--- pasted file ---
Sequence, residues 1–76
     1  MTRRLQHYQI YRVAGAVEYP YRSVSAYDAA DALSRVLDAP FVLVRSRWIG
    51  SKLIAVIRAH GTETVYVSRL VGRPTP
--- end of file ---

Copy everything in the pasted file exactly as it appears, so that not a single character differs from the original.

Sequence, residues 1–76
     1  MTRRLQHYQI YRVAGAVEYP YRSVSAYDAA DALSRVLDAP FVLVRSRWIG
    51  SKLIAVIRAH GTETVYVSRL VGRPTP